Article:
Quick Fire Fab® Panicle Hydrangea

Status: Out of Stock
Mature Height: 60 to 80
Mature Spread: 60 to 72
Proper Name: Hydrangea paniculata 'SMNHPM' USPP 32513

Collections: Shrub - Hydrangea

Product type: Perennial - Pot

Tags: Bloom Summer, Cut Flowers, Flower (Pink), Flower (White), Large Blooms, Ornamental Leaves, Part Sun


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This newly developed panicle hydrangea provides the same reliability and outstanding characteristics of the Quick Fire series of hydrangea, with absolutely studding, huge mophead flowers. The flowers on these hydrangeas are truely stunning emerging a white/green and slowly transforming into pink/red as the summer progresses. When you walk through a neighborhood and see large, hearty, health hydreangea with large blooms, there is a good chance that they are panticle hydrangeas. The variety simply holds up to stress and heat better than most other hydrangeas while providing durable blooms for a long period of time. We are excited to try these new additions to the Quick Fire series in our garden and hope you'll try them out too.

Bloom Color:White then transitioning to Pink and Red as the summer advances
Bloom Period:Summer to fall (3 months)
Fall Color:Orange with hints of red and yellow
Foliage Color:Rich green
Genus & Species:Hydrangea paniculata 'SMNHPM' USPP 32513
Growth Rate:Fast once established
Mature Height:60 to 80
Mature Spread:60 to 72
Soil Type:Well drained soil; that retains moisture well.
Sun Exposure:Full to part sun (we recommend part sun)
Zone:3 to 8

General care for any tree or shrub is easy, but like any living thing will require your attention. Please educate yourself and follow these simple rules.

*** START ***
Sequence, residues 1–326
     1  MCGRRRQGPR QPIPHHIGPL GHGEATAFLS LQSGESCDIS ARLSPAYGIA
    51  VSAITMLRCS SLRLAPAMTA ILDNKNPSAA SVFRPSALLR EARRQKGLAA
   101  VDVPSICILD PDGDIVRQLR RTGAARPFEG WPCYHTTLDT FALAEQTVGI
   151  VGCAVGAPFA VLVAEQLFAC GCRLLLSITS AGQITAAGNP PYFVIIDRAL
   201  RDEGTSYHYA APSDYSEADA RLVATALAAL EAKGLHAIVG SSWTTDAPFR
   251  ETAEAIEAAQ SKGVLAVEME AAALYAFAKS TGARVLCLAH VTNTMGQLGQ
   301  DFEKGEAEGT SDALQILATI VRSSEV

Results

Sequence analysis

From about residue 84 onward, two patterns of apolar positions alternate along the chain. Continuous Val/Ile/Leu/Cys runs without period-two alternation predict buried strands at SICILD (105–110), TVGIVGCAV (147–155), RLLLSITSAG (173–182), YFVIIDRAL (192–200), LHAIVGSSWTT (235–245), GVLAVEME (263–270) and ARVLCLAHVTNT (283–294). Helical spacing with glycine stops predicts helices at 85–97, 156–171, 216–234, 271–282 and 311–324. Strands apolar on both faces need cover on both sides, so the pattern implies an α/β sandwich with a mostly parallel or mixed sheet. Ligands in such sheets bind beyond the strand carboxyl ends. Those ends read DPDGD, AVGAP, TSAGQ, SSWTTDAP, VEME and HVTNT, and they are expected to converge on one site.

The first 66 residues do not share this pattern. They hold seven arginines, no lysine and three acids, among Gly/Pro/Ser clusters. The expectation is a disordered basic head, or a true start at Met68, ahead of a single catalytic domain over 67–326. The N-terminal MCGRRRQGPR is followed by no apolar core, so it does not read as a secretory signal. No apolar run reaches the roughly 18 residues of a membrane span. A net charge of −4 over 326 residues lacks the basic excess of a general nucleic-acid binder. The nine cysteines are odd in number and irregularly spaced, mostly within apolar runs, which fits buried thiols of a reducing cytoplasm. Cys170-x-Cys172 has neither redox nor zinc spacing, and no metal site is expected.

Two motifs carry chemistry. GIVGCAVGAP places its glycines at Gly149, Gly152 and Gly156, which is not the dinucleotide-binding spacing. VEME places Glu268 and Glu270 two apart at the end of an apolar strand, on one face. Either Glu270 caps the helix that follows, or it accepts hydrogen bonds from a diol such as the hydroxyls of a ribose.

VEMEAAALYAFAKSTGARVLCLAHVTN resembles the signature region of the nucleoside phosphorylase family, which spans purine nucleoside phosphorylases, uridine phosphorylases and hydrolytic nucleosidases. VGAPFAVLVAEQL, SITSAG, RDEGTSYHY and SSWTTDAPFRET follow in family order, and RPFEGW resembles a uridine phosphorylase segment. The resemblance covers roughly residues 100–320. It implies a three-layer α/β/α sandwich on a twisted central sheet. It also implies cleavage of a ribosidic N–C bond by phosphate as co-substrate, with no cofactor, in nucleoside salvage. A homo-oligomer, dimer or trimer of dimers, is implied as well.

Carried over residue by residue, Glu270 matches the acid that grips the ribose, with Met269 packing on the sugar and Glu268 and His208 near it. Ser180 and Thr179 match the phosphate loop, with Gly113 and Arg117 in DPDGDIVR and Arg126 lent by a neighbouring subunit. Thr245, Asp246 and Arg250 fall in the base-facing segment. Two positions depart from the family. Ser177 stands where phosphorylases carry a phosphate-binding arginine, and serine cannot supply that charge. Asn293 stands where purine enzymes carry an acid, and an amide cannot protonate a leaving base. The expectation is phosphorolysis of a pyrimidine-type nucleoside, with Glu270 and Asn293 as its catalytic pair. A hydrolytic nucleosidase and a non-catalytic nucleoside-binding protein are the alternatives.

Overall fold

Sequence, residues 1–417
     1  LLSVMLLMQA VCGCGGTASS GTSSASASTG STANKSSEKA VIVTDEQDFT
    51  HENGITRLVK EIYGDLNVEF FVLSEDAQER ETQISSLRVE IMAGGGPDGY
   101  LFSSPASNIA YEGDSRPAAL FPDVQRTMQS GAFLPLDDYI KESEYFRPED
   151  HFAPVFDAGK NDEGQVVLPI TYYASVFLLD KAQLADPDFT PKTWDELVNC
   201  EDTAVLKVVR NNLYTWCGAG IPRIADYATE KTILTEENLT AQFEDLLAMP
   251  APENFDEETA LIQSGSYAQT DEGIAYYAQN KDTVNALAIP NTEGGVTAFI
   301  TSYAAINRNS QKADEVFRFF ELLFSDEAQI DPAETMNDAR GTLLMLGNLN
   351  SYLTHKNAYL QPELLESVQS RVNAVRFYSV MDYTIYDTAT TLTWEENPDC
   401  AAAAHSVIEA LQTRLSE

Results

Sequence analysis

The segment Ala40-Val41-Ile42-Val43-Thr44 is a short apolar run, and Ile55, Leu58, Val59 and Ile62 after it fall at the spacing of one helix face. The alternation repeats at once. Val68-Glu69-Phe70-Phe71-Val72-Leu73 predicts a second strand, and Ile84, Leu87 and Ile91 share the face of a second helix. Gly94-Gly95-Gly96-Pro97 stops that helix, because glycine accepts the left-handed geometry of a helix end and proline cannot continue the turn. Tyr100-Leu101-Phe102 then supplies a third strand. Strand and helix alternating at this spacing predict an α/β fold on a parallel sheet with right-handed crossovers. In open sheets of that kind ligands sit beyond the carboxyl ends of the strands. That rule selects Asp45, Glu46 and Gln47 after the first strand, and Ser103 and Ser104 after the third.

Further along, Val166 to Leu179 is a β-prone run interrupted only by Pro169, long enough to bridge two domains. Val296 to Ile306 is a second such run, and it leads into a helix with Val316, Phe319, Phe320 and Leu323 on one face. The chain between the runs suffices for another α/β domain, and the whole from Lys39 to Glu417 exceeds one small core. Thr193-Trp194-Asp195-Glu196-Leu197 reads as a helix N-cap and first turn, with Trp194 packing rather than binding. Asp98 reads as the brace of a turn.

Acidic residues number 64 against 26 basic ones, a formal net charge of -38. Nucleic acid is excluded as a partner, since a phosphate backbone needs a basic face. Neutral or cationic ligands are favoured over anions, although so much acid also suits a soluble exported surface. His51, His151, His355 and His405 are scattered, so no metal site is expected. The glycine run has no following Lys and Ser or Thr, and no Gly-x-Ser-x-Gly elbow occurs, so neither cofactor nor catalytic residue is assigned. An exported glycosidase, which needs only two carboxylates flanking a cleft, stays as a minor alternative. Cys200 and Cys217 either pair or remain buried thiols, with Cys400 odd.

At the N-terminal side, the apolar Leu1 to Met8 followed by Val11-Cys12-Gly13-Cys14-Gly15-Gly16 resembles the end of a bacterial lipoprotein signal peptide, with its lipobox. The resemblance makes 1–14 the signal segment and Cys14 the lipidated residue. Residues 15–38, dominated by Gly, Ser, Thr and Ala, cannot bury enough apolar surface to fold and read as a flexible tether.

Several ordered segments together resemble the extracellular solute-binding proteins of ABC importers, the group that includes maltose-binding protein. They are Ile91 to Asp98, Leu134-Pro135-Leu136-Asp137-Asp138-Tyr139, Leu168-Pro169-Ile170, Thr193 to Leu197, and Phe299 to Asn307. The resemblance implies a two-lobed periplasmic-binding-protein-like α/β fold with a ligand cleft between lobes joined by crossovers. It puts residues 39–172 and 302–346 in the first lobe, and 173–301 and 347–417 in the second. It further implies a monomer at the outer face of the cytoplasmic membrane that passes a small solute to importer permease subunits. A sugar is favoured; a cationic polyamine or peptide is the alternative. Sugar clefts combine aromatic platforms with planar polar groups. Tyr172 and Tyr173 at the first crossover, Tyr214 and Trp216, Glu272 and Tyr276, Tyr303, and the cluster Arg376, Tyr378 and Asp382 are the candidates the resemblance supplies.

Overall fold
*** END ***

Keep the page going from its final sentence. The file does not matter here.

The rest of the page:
Caring for Quick Fire Fab® Panicle Hydrangea

Hydrangeas do well in areas that have well drained consistently moist soil that is free of compaction. Prepare your soil by loosening it up with tilling or digging and then mulch well around the flowers to discourage mowers and other traffic. We do no recommend applying any adaments (soil, compost, etc.) to the soil when planted. If you do water can sit in your hole causing the roots of the plant to rot as the soil around the hole is much tougher and more compact. These hydrangeas should be pruned back int he spring removing any growth that isn't green when scratched with a thumbnail, but they can be trimmed to about 1 ft. to keep a tighter more compact appearance. Apply a slow release fertilizer in the spring for best results. Since they bloom on new wood vigrous growth is important for full blooming. Make sure that hydrangeas have high quality soil that is loose and non-compacted and also use a slow release fertilizer in early spring to maximize results. Use a process called restorative pruning where 1/3 of brances are trimed back leaving 2/3 of the branches intact.

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